We all face temptations, don’t we? Jesus was not exempt. He was about to begin his formal ministry. At his baptism, as he came up out of the water, he heard God say, “This is my beloved Son, with whom I am well pleased.”
David Lose boils the heart of this passage down into one familiar saying: “You only know who you are when you realize whose you are.” Let me repeat: “You only know who you are when you realize whose you are.” God told Jesus whose he was, but Jesus, like all of us, had to make those sometimes difficult choices to discover it for himself. It’s not enough to be told. He had to have a good grasp of who and whose he was before he invited others to follow him.
All our lives we’re being pulled in two directions: toward and away from God. The devil in this story is trying to undermine Jesus relationship with God. “Go ahead, relieve your suffering. Turn those stones into bread. You don’t need God for that. Do you really believe what God said about you down by the river? Test him out. Go ahead, throw yourself off the pinnacle of the temple. See what God does about that. Look at all this worldly power I can give you. God’s not going to provide that, but I can.”
“Away with you, Satan! for it is written: “Worship the Lord, your God, and serve only Him.” In this midrash, the writer was saying: Jesus knew who he was, and whose he was.
Do we? If I had had more time this week, I would have written a midrash for us today based on this story - maybe another year. When we are baptized, we are invited into the Body of Christ as beloved children of God, and I think we spend a life time discovering this for ourselves - growing to trust that it is so.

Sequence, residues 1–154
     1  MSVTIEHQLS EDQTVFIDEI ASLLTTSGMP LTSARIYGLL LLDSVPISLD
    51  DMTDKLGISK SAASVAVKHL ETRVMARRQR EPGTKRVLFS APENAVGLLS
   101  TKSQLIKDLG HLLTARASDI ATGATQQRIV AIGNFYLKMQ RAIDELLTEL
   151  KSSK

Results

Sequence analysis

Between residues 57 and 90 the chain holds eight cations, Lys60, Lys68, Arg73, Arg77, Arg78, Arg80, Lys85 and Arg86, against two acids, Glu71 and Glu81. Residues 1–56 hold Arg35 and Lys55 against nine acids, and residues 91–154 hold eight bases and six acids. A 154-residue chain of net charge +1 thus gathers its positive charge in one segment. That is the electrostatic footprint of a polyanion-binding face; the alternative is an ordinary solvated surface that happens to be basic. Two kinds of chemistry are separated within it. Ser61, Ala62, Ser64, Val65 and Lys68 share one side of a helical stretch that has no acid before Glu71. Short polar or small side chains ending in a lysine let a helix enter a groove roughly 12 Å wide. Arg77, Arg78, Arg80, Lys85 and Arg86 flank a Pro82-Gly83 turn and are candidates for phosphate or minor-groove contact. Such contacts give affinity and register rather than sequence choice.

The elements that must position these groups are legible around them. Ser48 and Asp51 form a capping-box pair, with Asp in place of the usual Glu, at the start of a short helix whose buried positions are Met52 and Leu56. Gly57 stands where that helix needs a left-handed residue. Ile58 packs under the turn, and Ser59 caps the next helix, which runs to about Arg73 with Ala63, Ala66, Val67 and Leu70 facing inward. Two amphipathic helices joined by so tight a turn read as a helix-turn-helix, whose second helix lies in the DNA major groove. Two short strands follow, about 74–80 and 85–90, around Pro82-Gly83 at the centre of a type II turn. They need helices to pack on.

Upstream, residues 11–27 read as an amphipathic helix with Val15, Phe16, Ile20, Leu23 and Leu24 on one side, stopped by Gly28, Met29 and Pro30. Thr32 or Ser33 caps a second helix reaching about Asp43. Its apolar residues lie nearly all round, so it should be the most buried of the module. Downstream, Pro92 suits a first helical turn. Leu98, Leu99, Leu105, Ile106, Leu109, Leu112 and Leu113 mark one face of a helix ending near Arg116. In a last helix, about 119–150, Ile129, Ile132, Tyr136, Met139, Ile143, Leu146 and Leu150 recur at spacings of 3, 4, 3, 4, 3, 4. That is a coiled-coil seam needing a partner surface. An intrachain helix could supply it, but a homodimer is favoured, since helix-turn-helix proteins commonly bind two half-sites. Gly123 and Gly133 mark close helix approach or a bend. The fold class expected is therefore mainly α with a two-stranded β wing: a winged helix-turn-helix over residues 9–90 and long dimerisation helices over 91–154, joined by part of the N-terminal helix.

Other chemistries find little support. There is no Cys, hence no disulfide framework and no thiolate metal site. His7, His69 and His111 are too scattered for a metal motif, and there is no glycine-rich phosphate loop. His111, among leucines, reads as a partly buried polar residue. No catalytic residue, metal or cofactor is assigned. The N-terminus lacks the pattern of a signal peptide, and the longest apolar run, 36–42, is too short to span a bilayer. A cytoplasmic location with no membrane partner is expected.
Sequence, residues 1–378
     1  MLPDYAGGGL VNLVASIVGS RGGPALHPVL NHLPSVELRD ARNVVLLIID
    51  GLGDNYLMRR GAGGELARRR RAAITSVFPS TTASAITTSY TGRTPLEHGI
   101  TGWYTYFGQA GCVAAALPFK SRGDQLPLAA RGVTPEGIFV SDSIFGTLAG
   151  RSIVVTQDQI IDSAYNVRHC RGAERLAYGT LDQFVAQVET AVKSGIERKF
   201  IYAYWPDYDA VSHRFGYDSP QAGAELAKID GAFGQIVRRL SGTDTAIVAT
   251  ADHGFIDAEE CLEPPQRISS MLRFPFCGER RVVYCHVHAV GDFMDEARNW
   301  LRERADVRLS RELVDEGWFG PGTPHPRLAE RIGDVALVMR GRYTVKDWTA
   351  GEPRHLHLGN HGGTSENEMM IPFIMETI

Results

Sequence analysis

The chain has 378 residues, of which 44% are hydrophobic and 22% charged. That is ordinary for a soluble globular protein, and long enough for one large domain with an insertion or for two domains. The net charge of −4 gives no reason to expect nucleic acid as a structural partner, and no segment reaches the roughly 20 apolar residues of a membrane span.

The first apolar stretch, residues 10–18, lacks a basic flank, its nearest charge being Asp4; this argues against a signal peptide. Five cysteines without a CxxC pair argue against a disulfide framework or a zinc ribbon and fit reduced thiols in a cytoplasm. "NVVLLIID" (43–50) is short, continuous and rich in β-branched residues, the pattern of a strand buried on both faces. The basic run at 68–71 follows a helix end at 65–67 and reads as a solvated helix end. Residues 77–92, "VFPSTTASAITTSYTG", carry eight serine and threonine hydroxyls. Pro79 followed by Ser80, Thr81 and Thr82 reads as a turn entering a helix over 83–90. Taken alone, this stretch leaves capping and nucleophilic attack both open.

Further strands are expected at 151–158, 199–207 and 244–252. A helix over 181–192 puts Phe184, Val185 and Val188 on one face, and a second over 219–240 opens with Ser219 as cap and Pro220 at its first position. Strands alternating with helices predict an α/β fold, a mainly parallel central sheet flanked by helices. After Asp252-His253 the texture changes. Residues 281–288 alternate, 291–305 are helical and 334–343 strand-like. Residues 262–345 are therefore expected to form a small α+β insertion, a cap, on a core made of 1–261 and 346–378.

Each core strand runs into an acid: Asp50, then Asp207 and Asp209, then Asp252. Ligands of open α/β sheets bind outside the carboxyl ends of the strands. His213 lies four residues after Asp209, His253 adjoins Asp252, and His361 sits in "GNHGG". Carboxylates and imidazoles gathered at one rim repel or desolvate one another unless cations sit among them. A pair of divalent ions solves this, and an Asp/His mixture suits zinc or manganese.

On Sunday morning we come here to be reminded that God loves us and is with us supporting us on this journey. Some weeks that’s easier to believe than others.
We’re not crossing the Arizona desert in search of a better life, our stomachs empty and no water in sight. We go to the top of the Prudential building for a drink and the view. None of us are running for high office - or even a membership at Mar a lago.
We are tested in other ways, in subtle messages that lead us to forget who and whose we are. We’re bombarded by messages that tell us we’re inadequate in some way. We’re not good enough, beautiful enough. We don’t have enough, we’re not powerful enough - and there’s plenty of fear to go around these days.
But through baptismal water, God tells us we are totally enough. There is plenty to go around, and we need not live in fear. God is with us.
Last Wednesday we began our Lenten journey. It’s a season of reflection and repentance. It invites us to look inside our hearts, seeing ourselves with compassion and truth - to see both our brokenness, and our beauty, our failings, and our faithfulness. Where are you being tested? Where are we as a church being tested? Think about that this week.
Jesus last words to his tempter remind us that we are to “Worship the Lord, our God, and serve only him.” I’ve often wondered what does it actually mean to worship God? We throw that world around a lot.What does it mean? Frederick Buechner gives me some insight:
“To worship God means to serve him. Basically there are two ways to do it. One way is to do things for him that he needs to have done — run errands for him, carry messages for him, fight on his side, feed his lambs, and so on. The other way is to do things that you need to do — sing songs for him, create beautiful things for him, give up things for him, tell him what’s on your mind and in your heart, in general rejoice in him and make a fool of yourself for him the way lovers have always made fools of themselves for the one they love.”
This Lent we are invited to go deeper, to walk through our fears and live our faith in new ways. During this Lenten season we will be exploring the many ways we worship and serve God, by Being The Church - as individuals and together in community. They are listed on our sign out front: Protect the environment, Care for the poor, Forgive often, Reject racism, Fight for the powerless, Share earthly and spiritual resources, Embrace diversity. Enjoy this life. Love God.
These are the many ways we show our love of God. This is how we discover who we are and whose we are. Which one, or more - you needn’t limit yourself - will you make part of your Lenten journey?